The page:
For a family owned shop on Main Street, their sales tax situation is relatively straightforward. They are required to collect and remit to the appropriate authorities the applicable sales tax for their state, their city, and the other municipalities they may fall within. (This is tax we’re talking about, so the emphasis really needs to be on “relatively”–tax situations are rarely simple.)
But what about a company whose business crosses state lines? What if, say, a company were based in Illinois but sold products in Illinois, Indiana and Wisconsin? Does it need to collect sales taxes in all three states?
The key concept to answering questions like this is nexus. The basic rule is this: if you are “doing business” within a state, then you owe sales tax on that business. What constitutes “doing business” within a state? That’s where nexus comes in.
Nexus is the term for all your connections, contacts, links, with a given political jurisdiction, a state in this case. Once your nexus passes a certain point (and where exactly that point lies is the crux of many sales tax disputes), you are considered to be conducting business within that state and thus you are required to charge sales tax on your business there.
The clearest precedent on nexus comes from a 1992 Supreme Court case. In the case the Court held that physical presence was the litmus test which counted. This helped clear up some of the gray area, but plenty of ground was left uncertain. Especially in the case of online and mail order retailers (that second group tends to get left out of the headlines but they have just as much, possibly more, of a stake in the current debate as Amazon) the debate has recently come to a head. The new laws passed in Illinois and other states say that having affiliates within the state is sufficient nexus to be doing business within the state. This would allow Illinois and the other states who have passed such laws to tax online and mail order retailers, but in practice it has led to Amazon and similar companies canceling their affiliate programs to avoid the taxes.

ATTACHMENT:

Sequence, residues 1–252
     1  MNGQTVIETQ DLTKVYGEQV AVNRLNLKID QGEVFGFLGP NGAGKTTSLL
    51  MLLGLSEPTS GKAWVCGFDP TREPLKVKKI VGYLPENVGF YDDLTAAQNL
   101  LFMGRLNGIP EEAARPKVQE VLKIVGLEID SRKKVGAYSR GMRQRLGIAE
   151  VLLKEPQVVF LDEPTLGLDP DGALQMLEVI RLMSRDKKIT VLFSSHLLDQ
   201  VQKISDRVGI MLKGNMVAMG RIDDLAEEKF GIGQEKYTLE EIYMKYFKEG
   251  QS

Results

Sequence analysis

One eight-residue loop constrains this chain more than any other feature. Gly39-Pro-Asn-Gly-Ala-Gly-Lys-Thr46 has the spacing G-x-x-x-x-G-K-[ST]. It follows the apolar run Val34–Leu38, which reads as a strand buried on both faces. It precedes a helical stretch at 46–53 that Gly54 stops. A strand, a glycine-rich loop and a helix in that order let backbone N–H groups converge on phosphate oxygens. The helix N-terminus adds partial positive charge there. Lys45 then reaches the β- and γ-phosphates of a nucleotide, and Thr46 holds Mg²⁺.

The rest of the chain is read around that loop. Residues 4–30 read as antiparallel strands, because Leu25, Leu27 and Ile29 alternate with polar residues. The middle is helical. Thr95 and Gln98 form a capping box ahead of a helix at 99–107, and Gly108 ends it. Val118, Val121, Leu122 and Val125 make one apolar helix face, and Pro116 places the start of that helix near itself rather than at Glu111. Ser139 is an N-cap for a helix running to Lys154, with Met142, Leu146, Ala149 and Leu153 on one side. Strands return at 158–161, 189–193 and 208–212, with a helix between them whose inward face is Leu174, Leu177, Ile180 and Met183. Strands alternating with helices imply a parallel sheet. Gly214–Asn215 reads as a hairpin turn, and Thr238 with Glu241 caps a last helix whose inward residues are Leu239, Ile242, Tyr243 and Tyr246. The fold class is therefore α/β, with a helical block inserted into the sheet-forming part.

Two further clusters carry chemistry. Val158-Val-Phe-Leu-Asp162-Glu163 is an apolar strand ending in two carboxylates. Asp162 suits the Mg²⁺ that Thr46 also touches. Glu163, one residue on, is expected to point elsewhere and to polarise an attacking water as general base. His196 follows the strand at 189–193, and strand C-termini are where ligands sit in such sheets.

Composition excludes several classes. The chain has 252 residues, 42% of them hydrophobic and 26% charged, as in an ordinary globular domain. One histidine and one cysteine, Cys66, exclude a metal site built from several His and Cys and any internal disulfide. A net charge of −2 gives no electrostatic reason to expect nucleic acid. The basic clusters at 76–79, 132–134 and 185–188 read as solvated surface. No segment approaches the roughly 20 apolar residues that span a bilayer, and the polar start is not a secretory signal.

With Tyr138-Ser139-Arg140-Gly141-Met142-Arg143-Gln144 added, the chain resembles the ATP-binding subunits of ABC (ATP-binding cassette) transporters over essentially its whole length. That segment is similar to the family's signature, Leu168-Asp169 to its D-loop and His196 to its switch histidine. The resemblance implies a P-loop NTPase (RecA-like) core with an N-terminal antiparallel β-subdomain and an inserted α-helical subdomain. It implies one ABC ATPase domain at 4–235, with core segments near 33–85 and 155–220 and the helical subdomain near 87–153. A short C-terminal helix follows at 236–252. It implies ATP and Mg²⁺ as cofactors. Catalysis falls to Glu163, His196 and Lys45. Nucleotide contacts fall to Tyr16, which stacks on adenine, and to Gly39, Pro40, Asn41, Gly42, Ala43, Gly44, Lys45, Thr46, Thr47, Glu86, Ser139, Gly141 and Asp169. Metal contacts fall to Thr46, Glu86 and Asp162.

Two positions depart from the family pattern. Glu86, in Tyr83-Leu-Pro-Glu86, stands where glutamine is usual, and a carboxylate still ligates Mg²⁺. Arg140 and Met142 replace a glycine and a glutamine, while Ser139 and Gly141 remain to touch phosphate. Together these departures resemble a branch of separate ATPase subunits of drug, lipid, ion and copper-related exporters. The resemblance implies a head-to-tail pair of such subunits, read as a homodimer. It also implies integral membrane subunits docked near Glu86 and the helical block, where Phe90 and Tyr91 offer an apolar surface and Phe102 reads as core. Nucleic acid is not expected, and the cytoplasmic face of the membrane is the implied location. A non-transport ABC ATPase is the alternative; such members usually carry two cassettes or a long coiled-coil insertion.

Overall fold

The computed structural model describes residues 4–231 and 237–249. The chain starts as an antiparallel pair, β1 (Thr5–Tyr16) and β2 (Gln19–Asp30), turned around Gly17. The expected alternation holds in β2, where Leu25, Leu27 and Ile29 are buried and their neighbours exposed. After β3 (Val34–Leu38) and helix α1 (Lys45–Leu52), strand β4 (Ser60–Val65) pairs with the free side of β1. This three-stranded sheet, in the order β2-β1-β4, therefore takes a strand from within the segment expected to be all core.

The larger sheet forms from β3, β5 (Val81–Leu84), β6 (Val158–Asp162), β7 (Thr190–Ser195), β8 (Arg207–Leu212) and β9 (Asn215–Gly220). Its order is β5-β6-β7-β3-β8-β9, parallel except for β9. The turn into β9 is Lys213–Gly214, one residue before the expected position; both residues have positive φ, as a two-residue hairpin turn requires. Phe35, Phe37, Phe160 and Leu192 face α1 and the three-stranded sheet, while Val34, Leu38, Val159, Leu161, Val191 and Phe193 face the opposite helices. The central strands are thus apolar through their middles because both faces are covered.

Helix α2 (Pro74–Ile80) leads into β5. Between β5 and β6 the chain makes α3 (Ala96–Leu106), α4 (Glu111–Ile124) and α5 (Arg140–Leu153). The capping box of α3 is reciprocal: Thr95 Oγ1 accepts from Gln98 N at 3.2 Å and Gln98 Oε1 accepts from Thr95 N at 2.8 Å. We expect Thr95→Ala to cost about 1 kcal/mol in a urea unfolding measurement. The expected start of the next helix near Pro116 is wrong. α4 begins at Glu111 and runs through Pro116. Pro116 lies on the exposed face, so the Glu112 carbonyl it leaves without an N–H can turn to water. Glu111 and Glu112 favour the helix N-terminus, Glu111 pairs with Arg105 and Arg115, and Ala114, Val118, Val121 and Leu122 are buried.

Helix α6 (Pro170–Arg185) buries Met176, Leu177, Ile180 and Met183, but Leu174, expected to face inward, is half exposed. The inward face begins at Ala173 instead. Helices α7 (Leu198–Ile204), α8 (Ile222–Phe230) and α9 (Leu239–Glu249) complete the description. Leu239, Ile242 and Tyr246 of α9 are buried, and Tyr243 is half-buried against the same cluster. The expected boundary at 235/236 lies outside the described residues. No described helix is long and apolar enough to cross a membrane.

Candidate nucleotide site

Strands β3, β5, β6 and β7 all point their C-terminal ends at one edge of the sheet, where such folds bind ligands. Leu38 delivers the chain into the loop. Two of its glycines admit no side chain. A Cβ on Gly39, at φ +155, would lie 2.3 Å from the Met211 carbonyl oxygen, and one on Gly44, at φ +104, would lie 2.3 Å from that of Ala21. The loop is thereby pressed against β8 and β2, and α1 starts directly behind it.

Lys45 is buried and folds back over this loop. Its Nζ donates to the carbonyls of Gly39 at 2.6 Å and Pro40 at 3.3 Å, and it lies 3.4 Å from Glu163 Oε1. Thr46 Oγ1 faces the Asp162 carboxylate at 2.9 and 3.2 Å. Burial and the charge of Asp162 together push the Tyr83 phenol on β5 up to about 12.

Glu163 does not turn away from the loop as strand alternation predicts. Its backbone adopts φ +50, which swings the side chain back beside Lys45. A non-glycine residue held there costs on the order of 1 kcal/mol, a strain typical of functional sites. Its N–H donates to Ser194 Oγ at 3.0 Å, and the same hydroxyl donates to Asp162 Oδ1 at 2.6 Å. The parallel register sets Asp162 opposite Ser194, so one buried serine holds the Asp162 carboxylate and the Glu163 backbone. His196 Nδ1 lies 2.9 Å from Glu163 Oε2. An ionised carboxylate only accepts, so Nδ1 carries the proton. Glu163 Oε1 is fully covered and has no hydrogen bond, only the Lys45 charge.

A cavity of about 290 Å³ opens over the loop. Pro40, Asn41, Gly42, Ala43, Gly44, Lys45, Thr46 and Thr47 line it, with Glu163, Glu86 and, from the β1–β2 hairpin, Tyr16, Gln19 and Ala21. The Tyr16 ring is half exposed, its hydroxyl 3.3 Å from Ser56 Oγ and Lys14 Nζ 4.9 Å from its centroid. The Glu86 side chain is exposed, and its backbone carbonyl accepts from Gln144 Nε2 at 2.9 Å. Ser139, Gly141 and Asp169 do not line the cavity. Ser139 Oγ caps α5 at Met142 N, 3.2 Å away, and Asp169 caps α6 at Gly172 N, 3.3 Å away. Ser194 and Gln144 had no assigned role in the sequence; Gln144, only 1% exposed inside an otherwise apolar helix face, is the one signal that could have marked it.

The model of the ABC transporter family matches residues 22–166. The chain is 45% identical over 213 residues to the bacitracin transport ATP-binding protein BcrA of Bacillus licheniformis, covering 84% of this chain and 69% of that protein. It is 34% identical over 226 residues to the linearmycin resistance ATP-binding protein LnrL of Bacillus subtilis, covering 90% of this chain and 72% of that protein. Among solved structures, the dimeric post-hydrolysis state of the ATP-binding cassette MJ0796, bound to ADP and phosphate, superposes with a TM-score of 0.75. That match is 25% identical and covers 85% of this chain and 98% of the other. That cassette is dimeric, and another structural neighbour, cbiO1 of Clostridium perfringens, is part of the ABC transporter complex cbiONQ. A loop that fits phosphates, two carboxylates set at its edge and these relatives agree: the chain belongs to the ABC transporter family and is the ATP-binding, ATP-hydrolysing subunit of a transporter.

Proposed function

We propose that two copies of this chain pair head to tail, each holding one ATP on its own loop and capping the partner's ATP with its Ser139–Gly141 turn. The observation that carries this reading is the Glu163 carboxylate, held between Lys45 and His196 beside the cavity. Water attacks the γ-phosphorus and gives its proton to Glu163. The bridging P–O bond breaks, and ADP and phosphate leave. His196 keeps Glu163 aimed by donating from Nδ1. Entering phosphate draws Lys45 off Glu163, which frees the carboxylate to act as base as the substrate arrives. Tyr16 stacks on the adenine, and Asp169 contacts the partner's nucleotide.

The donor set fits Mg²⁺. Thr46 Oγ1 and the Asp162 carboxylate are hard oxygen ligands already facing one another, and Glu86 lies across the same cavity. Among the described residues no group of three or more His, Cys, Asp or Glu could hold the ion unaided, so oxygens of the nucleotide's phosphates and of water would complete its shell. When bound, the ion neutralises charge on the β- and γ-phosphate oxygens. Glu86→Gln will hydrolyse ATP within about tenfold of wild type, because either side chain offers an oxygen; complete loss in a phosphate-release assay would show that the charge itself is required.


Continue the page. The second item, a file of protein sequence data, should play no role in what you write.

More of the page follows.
For more information on nexus and how business in a state may alter your tax situation, contact the Chicago tax attorneys at Horowitz & Weinstein.